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Life after “Call my agent!”

Fanny Herrero, according to Madame Figaro“the most famous of the French showrunners“. Not so long ago there was no such thing as the French. showrunneror, for that matter, French showrunner– “a new profession, like a troll or a taster of organic bread, but more useful”, Echo noted in March. Herrero is best known for her work on Call My Agent! (original French title is “Dix Pour Cent”), which became a huge international hit after Netflix bought it from public broadcaster France 2. She left the show after three seasons in 2018, citing a work environment that might could be of benefit. due to a noisy negotiation or two (when Herrero asked for more help after the show started, the producers said yes, but someone would have to pay for it), and her desire to “tell other stories”. (Her show Standing Up, about rising Parisian comedians, is now on Netflix.) The other day, Herrero, 48, was sitting in a cafe on the banks of the Seine talking about the “industrialization” of French television. how the ducks and the traffic cone sailed by. Showrunners now in large part because of her insistence, in a traditionally director-author-oriented culture, on recognizing the creative authority of writers. In “Call my agent!” she eventually received the title, if not compensation. “I was not a co-producer, so even with the show’s great international success, I will never make any profit,” she said. “It’s okay, that’s life.”

Herrero grew up in a family of muscular, eccentric leftists in the right redoubt of Toulon, on the Mediterranean coast. Her parents were soixante-huitards, physical education teachers, naturists. Her father, Daniel, is known in France not only for his trademark white beard and red bandana, but also for coaching the Toulon rugby club from 1983 to 1991. always hanging around the locker room. “My father used to say that there are players who need to be petted and reassured that they are the best. And there are others – you have to be brutal with them.” She continued, “My whole job is to find an angle to maneuver with each individual and then with the group. Psychologically, it’s a crazy experience to be a good coach, to be a person in a team.”

Herrero got a Netflix deal for her new show called Droll in France, but she didn’t spend much time in Hollywood. Her formative experience in California dates back to 1989, when she arrived there as an exchange teenager. She recalled, “I was like, ‘San Francisco, woo,’ and then I got there, and it was a suburb called Hayward, and I was going to community college.” As for commuting, she opted for a three-hour round-trip bus ride between the dorm and her classes, as well as driving lessons. “All you had to do was take the test,” she said. “I was a danger to society. I’m ashamed that they gave me a license.”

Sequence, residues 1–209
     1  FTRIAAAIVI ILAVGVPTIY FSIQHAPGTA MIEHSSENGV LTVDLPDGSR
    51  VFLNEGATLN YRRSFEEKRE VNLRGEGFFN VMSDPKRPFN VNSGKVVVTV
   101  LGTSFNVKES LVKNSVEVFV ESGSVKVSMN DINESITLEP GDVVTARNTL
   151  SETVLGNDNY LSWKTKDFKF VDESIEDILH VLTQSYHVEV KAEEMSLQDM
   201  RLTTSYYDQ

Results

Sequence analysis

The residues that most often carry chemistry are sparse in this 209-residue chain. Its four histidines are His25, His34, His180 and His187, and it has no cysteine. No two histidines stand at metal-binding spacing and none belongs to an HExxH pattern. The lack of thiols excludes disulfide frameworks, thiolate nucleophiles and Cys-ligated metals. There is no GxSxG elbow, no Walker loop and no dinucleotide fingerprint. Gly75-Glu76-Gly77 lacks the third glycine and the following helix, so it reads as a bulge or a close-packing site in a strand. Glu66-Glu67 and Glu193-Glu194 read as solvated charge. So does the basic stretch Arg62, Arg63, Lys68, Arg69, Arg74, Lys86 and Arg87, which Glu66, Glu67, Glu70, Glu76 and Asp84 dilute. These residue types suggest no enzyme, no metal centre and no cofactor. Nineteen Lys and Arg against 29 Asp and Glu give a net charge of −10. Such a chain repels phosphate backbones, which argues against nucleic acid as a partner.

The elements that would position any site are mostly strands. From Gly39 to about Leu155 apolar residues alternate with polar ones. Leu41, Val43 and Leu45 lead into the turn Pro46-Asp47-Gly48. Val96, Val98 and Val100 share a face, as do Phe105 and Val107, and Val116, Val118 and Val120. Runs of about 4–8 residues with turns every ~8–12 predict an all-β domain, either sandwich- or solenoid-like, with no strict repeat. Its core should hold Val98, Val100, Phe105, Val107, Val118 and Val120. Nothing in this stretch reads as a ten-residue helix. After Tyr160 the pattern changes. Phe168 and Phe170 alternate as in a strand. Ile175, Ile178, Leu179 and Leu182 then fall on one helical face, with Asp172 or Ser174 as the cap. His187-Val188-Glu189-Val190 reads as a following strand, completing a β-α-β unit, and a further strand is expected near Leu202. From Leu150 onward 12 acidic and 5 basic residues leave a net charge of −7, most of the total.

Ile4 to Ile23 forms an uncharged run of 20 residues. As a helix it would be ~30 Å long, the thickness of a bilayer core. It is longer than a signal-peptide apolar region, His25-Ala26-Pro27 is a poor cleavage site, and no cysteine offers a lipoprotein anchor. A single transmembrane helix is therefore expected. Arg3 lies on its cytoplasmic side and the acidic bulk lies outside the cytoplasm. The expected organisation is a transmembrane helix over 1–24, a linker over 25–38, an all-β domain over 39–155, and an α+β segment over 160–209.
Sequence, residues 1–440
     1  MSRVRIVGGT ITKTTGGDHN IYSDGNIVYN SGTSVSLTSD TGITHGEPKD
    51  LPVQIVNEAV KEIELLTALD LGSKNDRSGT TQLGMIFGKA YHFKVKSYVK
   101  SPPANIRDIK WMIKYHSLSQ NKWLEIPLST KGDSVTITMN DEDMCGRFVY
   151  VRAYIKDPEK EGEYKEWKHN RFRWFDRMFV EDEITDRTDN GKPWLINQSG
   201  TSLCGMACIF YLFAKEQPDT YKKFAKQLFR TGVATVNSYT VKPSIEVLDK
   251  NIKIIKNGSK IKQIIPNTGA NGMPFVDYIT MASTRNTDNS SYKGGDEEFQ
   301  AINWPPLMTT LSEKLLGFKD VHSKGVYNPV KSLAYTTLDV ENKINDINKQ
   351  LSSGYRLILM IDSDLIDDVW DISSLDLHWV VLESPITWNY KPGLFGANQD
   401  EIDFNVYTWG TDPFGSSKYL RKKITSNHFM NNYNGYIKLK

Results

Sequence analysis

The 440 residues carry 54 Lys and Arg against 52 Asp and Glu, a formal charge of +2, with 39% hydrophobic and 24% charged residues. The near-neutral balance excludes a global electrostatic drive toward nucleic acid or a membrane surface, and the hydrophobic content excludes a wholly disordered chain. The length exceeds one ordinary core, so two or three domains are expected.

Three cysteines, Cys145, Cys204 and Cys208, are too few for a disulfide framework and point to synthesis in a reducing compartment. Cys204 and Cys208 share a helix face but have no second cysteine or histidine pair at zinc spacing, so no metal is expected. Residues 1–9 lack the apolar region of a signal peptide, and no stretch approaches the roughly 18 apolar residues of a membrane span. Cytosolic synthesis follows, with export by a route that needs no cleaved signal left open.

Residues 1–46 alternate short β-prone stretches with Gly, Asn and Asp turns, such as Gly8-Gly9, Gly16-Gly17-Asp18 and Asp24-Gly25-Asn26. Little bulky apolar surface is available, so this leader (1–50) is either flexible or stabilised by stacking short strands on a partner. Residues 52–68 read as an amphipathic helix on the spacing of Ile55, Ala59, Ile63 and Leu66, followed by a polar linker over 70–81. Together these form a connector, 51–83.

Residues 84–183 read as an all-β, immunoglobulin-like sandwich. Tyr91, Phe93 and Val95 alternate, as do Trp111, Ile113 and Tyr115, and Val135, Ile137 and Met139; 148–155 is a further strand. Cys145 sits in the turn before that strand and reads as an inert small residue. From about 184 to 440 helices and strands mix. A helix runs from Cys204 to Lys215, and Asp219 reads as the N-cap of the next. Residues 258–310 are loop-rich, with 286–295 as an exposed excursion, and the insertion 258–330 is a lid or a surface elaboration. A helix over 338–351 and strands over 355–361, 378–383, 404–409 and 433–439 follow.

In “Standing Up,” Herrero explores a younger, happier, more diverse environment—a beer-soaked workplace of emerging talent with no coaches to mold them, no agents to call on. “Stand-up here is not as much of a tradition as it is in the US,” she said, comparing the nascent scene to the hip-hop scene of the eighties and nineties. “A sixty-year-old stand-up comedian – this does not exist in France. They are all between twenty and thirty-five years old. The show’s four protagonists are class-spanning and come from families originating in Vietnam, Senegal and Algeria, as well as the posh, predominantly white District Six. “More multifaceted, natural and even dirty,” Herrero said of the Paris she chose to portray. “Not necessarily glamorous, but full of energy at the same time.” She continued: “I don’t want to talk bad about ‘Emily in Paris’, I understand that people love it and it’s good for them. But I don’t know – politically I don’t like it. Because it makes people smaller, it makes the world smaller.”

Herrero was waiting for a call to see if Standing Up would be renewed. She was not thrilled by his prospects. “Honestly, it’s not easy,” she said. “We’re not good enough for Netflix.” But she never had such strong support, so many people told her that one of her shows meant something to them. It was difficult to reconcile the purposefulness on the numbers with the show’s premise. “I never envisioned Standing Up as a blockbuster,” she said. “I understand that this is a narrower series – even if there is ambition in its form, it is. He has an air of modesty and voilaWe don’t have an official answer for Season 2 at this time.” She added: “We can always hope for a small miracle.” In mid-May, Herrero received the news. Canceled. No miracle. The show only aired for twenty-eight days. The algorithm was more powerful than showrunner. ♦

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